About 80 mask-clad people gathered in family groups at Bob Dailey Stadium on Saturday, June 13 to stand and speak in solidarity with the Black Lives Matter movement, and to drive home the point that racism is also a Canadian problem.
“The reason we organized this event tonight was to bring youth together and to bring the community together to start the conversation about what’s happening in Port Alberni and what’s happening in the world,” said one of the event’s organizers, Kiara Collinge.
“We want to start the change, to end racism, to end discrimination. It happens in Port Alberni; it happens in our backyard. We just don’t talk about it enough, and we need to talk about it.”
The rally was one of several held across Canada on Saturday that honoured the memory of Chantel Moore, a young Tla-o-qui-aht First Nation woman who was shot by police in Edmundston, New Brunswick earlier this month. Port Alberni’s rally included a vigil for 92 people who have died at the hands of police officers in B.C. since 2000.
Moore’s grandfather, Ron Mukwiila Martin, his sister Louise and cousin Alice George from Tla-o-qui-aht First Nation thanked the youth who came to Bob Dailey Stadium to speak out and to listen.
“We need to stop the violence; we need to stop the racism,” Louise Martin said, adding that it’s been difficult to accept the news and circumstances of Moore’s death.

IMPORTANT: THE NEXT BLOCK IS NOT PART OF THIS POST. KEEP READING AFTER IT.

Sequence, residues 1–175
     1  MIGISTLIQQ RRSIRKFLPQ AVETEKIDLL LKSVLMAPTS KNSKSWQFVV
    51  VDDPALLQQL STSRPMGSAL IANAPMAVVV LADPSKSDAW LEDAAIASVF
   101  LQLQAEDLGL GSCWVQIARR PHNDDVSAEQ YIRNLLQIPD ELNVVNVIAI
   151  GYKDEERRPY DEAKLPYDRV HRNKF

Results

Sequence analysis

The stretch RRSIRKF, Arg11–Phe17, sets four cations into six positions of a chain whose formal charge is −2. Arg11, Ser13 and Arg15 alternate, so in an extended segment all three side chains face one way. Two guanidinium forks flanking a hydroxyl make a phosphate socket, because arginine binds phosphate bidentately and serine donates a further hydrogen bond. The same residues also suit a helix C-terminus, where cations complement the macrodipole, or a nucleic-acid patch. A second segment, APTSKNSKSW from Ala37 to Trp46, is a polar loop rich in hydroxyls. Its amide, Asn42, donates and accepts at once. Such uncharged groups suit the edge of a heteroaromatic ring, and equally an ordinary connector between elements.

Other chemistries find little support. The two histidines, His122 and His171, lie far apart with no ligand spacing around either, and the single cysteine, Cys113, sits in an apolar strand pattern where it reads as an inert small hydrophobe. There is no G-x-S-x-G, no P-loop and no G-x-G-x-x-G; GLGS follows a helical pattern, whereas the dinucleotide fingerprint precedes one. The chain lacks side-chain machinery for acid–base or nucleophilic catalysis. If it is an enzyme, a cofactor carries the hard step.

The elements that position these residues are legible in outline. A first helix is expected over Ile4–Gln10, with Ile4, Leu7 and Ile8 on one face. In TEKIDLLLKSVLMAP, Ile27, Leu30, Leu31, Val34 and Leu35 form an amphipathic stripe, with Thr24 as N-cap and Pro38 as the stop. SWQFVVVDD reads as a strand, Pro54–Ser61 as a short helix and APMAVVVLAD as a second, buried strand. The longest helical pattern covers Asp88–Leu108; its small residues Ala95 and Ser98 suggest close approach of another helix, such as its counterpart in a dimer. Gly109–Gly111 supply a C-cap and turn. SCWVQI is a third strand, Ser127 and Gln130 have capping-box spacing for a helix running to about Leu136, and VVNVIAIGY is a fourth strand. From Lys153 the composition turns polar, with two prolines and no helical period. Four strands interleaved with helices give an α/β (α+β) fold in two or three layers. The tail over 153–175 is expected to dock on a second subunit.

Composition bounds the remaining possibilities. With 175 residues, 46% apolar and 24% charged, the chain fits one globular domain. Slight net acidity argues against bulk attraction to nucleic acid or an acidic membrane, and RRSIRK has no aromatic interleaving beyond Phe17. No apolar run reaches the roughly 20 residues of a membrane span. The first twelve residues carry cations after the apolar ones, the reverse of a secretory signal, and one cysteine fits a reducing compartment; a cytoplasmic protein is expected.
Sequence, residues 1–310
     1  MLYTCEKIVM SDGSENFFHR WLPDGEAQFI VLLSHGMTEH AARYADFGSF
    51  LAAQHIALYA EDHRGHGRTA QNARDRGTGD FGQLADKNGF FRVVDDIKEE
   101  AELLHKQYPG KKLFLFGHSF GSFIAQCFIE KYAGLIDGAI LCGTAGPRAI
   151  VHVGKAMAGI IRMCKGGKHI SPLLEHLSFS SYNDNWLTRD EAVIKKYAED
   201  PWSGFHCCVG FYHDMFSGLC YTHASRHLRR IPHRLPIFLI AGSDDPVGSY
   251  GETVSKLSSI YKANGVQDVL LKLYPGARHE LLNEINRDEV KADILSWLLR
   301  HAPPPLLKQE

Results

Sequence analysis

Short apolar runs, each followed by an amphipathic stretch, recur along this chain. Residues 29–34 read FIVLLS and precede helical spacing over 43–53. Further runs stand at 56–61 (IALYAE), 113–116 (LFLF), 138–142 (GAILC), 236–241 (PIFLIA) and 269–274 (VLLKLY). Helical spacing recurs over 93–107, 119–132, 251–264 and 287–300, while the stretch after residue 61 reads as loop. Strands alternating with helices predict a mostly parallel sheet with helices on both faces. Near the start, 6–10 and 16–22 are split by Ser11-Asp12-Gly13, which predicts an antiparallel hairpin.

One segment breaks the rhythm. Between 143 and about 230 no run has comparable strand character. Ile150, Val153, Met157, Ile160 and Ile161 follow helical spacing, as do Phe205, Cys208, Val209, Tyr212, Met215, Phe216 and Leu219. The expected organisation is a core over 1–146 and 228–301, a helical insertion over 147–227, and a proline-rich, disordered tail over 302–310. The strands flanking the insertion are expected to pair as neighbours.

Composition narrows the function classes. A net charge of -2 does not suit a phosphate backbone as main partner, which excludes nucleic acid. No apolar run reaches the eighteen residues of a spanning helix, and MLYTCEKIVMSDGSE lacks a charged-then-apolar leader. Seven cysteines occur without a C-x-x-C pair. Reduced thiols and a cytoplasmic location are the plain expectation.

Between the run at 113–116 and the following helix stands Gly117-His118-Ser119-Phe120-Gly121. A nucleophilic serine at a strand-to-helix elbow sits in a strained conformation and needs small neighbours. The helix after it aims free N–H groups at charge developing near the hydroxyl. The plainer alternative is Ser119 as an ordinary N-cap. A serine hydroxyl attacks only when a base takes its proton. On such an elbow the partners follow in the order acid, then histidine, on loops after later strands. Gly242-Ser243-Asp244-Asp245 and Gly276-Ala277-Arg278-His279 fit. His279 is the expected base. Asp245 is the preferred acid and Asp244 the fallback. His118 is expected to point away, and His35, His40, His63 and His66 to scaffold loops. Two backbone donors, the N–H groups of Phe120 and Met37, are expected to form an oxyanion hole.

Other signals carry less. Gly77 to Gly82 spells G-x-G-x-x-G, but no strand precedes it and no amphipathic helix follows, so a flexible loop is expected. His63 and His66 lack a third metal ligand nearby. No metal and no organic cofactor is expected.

“This is our ancestral home. We are smart, healthy, intelligent people…There are so many stories about beatings, it’s tiring. I hope our gathering today will help bring peace. It’s time for peace.”
George talked about the loss their family feels as they continue to process Moore’s death. “She was a really beautiful young lady. She called me grandma and she made me feel so good; she was that kind of person,” George said. “I was so sad to hear she was shot.”
Ron Martin talked about Moore’s ancestral connections, and how her traditional name—Huup Kwista ah—means “sun coming up over the mountains.” “We came from somewhere,” he explained.
He talked about the systemic racism he has seen throughout his life, from attending residential school in Opitsaht, on Meares Island off the west coast of Vancouver Island, to an incident in Nanaimo. Martin told the crowd he had his own encounter with police that led to him to use a wheelchair.
He said he taught his daughter, Moore’s mother, to never accept people calling her down for the colour of her skin.
Afterward, Martin said he wants people to know “that we’re human beings. We’re not f’ing Indians, we’re not drunken Indians, we’re human beings.”
He said he sees positive signs in Port Alberni, where he has been living since May 1. “I have hope for Port Alberni,” he said.
Reghan Geddes, another organizer, urged people to be actively anti-racist. “What a lot of well-meaning white allies don’t realize, and I’ve been guilty of this myself, is that it’s not enough to just ‘not be racist.’ We must be actively anti-racist. That means calling out our ignorant friends and family,” Geddes said.
“There is no excuse to be ignorant in 2020.”
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